For you in recovery, this is an opportunity to ‘mend fences, build broken bridges and strengthen wobbly ladders’ with your fathers. This is the time to get closer to such figures who are capable of being there for you physically, emotionally, financially as well as spiritually.

Father’s Day. Yeeeiiiii!

Today, I saw a lot of social media posts of pictures of fathers, pastors, husbands, brothers and father figures in general. The first thought that crept into my mind is this, ‘‘most of these people are posting pictures of father’s they probably have not spoken to or been good to in weeks or months, just to keep up appearances’’.

I am not saying you are one of those people. I was just wondering whether we have taken time to actually reflect on what this day is supposed to be about.

I personally think this is a day to be grateful to the fathers in our lives for their love, care and guidance.

For you in recovery, this is an opportunity to ‘mend fences, build broken bridges and strengthen wobbly ladders’ with your fathers. This is the time to get closer to such figures who are capable of being there for you physically, emotionally, financially as well as spiritually.

If you do not know how to go about that, here are a few suggestions.

Say Thank You

It is important to express how grateful you are to your father or father figure for what they have done for you. Be specific in what you are thanking him for. There may be a lot of things you can say but listing them specifically will have a greater impact than just saying, ”Thank you daddy for everything’’. How do you think something like, ‘‘thank you daddy for paying my hospital bills last month’’, will make him feel? Even if he has done nothing for you according to your expectations, you can still thank him for giving you life (that is if he is your biological father).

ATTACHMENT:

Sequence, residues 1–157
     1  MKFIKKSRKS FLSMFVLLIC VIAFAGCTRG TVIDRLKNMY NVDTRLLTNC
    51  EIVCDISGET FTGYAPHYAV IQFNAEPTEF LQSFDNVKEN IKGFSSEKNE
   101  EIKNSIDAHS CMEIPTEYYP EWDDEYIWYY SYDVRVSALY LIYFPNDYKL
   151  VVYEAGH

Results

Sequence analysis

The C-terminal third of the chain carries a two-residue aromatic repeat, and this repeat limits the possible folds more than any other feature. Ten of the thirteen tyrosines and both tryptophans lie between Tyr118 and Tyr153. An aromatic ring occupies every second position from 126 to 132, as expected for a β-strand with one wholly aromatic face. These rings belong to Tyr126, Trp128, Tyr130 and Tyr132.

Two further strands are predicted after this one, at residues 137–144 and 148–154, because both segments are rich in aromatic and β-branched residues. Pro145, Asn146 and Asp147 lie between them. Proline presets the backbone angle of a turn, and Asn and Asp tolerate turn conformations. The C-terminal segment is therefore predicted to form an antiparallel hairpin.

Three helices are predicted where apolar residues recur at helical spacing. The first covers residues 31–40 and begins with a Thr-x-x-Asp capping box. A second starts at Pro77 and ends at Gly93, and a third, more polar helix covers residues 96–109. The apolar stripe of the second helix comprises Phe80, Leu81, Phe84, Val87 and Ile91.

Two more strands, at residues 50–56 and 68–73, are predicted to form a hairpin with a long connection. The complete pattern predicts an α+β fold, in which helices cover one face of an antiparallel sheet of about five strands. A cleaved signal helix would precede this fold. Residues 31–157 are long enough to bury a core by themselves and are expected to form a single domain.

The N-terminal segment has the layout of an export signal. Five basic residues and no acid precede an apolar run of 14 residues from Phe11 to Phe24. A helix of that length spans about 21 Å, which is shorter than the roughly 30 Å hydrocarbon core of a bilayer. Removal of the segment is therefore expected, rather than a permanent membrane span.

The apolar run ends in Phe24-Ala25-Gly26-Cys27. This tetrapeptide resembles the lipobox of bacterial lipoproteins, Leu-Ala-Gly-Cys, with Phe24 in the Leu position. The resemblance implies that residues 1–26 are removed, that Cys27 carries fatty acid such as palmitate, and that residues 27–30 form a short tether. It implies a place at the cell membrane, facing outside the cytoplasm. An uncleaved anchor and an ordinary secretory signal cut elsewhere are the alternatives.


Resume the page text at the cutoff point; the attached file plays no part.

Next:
Saying ‘Thank You’ attracts more of everything. You will get more of whatever you appreciate, so thank him more often.

Say Sorry

If you have offended your father in any way, apologize to him, not just today but today can be the beginning of a better relationship between the two of you. 

If he is the one who has offended you, you can forgive him and try to start a healthy relationship with him again. 

Humility, forgiveness and letting go of bad blood between close relatives and associates is the beginning of a healing process which will eventually help in your general recovery.

This does not however mean that you should hold on to relationships that are toxic, abusive or drug fueled which could eventually set you back in your recovery.

Forgive, let go, but only hold on to fruitful and nourishing relationships; father or whoever.

Make Amends

This applies in situations where you can make up for a loss you have caused. Let us say, during the time when you were actively using drugs, you took some money from your father without his permission. This will be a good time to return it, that is, if you can afford to.

Try it, it could be a wonderful surprise, but if by your assessment you think this gesture will cause any form of trouble, it is better to just move forward and forget about the past.

Now Do the Social Media and Other Things

Post pictures and beautiful poetry about your father. I am sure this will make his day when he sees it.

You can also organize him a small party, buy him a gift or take him to a nice restaurant to treat him to a wonderful dining experience. 

All these will go a long way to let him know how much you appreciate him and also help you develop a deeper bond which in turn will be beneficial for you as a source of unconditional support.

Let me know how it goes!

Mind Your Own Life: 5 Strategies to Help you Focus

There can be a lot of pressure to conform to living the life that everyone else is living and measure success according to certain common standards. Nowadays, most people measure success by looking at what house one has, what car one drives, whether someone of a certain age is married with children, where they go out to eat, where they go on vacation, what clothes they wear and a whole lot of superficial things.